Helping Police Dogs Injured in the Line of Duty
When Sean Majoy, V06, VG13, served on active duty in the U.S. Army Veterinary Corps from 2006 to 2017, one of his jobs as an active Army veterinarian was caring for military working dogs returning injured from Iraq and Afghanistan.
“You got to hear the handlers’ stories and see the dogs’ impact,” Majoy, a clinical assistant professor at Cummings School, said of his time at Lt. Col. Daniel E. Holland Military Working Dog Hospital on Joint Base San Antonio. “The most remarkable thing about the dogs is how good they are at their job, how loyal they are to their handlers, and how many lives they save. The military just can’t replicate what these dogs can do in terms of explosives detection.”
Over his twelve years of active service, Majoy became very fond of German shepherds, Belgian Malinois, and other breeds commonly employed by the Army. These days, he continues his work to help military canines as a reservist with the 422nd Medical Detachment in Rockville, Maryland—a deployable unit capable of fielding a fully operational field hospital for military working dogs.
In addition to being on duty once a month to drill, Majoy regularly trains military-dog handlers, veterinary corps officers, and technicians on how to handle life-threatening emergencies that may occur in military dogs.
“Military dogs are amongst the bravest fighters out there, and they deserve all of the recognition that any of our other soldiers do,” Majoy said.
He thinks the same is true of police dogs, which has led him to work to improve CPR and field trauma care for local and state police K-9s in Massachusetts.
As a clinical instructor and emergency/critical care veterinarian at the Henry and Lois Foster Hospital for Small Animals, he recently conducted a training to teach faculty, staff, and students how to perform canine CPR and other lifesaving first aid. Through a demonstration on two training simulators, Majoy showed how to perform chest compressions, tourniquet a heavily bleeding wound, and more.
When he was on active duty in San Antonio, he helped design one of the simulation models, called the K-9 Hero. “This mannequin has a realistic feel when you’re doing CPR,” said Majoy. “You can do a chest tap to practice for a case where the dog has tension pneumothorax, which can happen from a blast injury. You can intubate and do an emergency tracheostomy, and the mannequin bleeds realistically.”
Majoy said he already uses the two models to teach Marines and other soldiers how to respond in real-life tactical scenarios. “We’ll take one called K-9 Diesel and put it out in a field under tactical conditions,” he said. “The trainees then will have three minutes to figure out what’s going on, pack the wounds, stop the bleeding, treat any immediate life-threatening injuries, and get a medevac called in.”
“A lot of these injuries we train for are analogous to what some of our police officers may see in their K-9s,” Majoy said. “They’re not nearly as likely to encounter canine blast injuries, but certainly their dogs have been stabbed and shot and had other injuries where this training would help a lot.”
Unfortunately, few provisions exist nationally to ensure that K-9s and other operational dogs receive stabilizing on-the-scene emergency care and safe transport if they’re injured in the line of duty.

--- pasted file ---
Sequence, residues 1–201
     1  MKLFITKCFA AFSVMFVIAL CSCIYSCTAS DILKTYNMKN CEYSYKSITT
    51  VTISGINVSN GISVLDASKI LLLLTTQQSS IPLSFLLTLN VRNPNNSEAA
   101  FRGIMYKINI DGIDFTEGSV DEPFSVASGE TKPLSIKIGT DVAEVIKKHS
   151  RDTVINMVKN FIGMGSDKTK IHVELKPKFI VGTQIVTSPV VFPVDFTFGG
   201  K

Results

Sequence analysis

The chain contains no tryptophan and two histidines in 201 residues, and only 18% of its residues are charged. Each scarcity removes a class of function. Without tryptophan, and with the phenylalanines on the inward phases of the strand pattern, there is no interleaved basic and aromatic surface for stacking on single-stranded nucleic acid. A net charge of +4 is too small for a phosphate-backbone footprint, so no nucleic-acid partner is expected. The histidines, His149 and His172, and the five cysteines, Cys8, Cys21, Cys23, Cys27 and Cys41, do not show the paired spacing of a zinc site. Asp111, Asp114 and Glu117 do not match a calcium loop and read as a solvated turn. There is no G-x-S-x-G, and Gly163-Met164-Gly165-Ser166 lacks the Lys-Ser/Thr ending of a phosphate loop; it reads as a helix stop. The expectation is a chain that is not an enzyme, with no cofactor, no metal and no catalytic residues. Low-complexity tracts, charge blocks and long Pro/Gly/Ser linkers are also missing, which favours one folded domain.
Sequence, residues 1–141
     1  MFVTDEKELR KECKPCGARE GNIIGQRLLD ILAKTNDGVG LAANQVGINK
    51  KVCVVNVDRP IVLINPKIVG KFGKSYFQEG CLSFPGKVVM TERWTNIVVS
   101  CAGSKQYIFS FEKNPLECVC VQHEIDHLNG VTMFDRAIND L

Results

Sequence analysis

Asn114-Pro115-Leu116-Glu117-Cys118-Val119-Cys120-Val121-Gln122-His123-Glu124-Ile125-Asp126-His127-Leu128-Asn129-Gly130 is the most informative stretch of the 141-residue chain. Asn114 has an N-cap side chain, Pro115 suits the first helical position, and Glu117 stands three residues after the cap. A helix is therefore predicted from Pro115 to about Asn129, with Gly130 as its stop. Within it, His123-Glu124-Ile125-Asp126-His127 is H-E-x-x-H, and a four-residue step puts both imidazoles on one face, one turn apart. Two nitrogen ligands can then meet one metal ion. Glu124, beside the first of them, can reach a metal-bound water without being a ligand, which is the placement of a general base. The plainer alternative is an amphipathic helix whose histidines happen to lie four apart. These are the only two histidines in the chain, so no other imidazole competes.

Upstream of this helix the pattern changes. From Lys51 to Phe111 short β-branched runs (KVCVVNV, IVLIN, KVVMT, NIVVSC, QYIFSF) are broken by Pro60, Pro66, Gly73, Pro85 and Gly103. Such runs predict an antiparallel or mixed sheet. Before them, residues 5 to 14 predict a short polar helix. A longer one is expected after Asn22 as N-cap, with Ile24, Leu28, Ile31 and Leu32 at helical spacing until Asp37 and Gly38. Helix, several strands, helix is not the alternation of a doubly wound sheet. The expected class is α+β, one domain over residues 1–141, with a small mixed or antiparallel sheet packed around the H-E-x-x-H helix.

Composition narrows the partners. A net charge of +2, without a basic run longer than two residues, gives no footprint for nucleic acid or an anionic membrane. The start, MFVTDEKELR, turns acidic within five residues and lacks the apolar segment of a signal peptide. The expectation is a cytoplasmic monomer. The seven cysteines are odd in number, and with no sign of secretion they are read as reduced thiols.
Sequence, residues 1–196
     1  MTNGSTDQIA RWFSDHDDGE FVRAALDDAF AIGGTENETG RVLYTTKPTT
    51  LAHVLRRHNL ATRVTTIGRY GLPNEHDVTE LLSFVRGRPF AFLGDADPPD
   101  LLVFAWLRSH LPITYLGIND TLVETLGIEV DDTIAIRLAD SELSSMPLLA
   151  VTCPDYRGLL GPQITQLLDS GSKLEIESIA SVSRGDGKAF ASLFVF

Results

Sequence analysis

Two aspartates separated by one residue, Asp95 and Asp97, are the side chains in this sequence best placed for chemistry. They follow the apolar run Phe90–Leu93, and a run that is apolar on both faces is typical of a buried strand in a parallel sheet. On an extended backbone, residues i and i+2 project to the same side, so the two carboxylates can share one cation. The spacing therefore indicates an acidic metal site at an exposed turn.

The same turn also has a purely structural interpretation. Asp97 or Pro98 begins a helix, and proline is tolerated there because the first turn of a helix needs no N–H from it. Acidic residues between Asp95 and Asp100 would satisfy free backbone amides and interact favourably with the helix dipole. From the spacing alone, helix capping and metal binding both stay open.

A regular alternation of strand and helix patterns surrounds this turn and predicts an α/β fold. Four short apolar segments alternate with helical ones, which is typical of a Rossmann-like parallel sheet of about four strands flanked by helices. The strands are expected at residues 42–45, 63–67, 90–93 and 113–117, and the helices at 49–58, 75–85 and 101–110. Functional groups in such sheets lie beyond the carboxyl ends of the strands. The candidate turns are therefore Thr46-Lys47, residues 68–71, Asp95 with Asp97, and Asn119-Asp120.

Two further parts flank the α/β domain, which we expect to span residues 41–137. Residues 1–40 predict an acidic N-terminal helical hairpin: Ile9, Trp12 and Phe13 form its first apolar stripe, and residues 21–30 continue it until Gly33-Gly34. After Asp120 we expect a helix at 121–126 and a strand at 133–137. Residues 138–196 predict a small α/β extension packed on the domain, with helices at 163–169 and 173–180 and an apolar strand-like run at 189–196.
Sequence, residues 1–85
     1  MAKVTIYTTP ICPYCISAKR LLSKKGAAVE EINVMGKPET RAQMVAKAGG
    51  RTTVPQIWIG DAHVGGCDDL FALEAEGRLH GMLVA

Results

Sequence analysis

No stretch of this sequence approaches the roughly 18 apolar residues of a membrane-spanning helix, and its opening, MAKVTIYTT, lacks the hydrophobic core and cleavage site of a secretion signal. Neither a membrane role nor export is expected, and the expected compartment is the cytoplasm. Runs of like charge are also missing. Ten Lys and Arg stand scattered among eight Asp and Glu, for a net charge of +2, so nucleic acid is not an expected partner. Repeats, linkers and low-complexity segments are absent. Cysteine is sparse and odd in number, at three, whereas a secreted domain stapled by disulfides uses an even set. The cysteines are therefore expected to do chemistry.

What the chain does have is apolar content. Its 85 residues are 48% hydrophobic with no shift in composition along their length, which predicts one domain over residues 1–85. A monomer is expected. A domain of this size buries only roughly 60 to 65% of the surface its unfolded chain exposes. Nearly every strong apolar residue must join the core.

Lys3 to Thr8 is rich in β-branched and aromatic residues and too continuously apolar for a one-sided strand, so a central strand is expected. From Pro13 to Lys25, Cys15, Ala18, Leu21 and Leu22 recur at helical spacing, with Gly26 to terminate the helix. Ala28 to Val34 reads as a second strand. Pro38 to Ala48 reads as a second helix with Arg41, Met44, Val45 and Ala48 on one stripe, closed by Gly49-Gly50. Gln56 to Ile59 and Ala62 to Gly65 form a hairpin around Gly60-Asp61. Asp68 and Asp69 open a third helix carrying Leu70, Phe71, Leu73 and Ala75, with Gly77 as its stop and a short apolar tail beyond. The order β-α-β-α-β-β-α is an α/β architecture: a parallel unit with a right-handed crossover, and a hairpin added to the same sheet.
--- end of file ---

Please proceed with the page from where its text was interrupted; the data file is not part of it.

For example, under current Massachusetts law, emergency personnel cannot treat, transport, or provide emergency medical attention to K-9s. However, one-quarter of 85 surveyed police departments reported having an injured K-9 that needed to be transported in the last ten years.
That’s why on July 18 Majoy is headed to the Massachusetts State House to testify alongside other veterinarians, EMS personnel, and K-9 handlers in support of “Nero’s Bill.”
Introduced by state Representative William Crocker and state Senator Mark Motigny, the legislation is named in honor of a Yarmouth police K-9, who along with his handler, Sergeant Sean Gannon, was shot while attempting to serve an arrest warrant in 2018. Gannon didn’t survive the shooting, but Nero did, thanks to a retired K-9 officer who was called in to assist and rushed the dog to the closest animal hospital. (The K-9 made a full recovery and has since been adopted by Gannon’s family.)
If passed, Nero’s Bill would require EMS providers to provide emergency care and transport to K-9s and other operational dogs injured in the line of duty. The legislation also would require first responders to undergo training in line with standards set by the state’s Office of Emergency Medical Services.
Majoy hopes that by sharing his experiences in the military with state legislators, he shows that such treatment for K-9s is not just the right thing to do, but also very feasible.
“In the military, the dogs are treated just like a soldier,” he said. “We train our working-dog handlers to do lots of emergency care for their dogs just like a basic EMT might do for people, and some combat medics get similar veterinary training as well. Even our non-veterinary medical folks down range have some prehospital veterinary training. For example, if a military dog is injured and needs to get out on a Blackhawk to medical support, it will be evacuated and also treated en route.”
The military “developed the right sort of standardized training and care out of need years and years ago,” said Majoy, “and we can use what we’ve learned to prepare our EMS personnel to help our K-9s and other operational dogs.”
Genevieve Rajewski can be reached at firstname.lastname@example.org.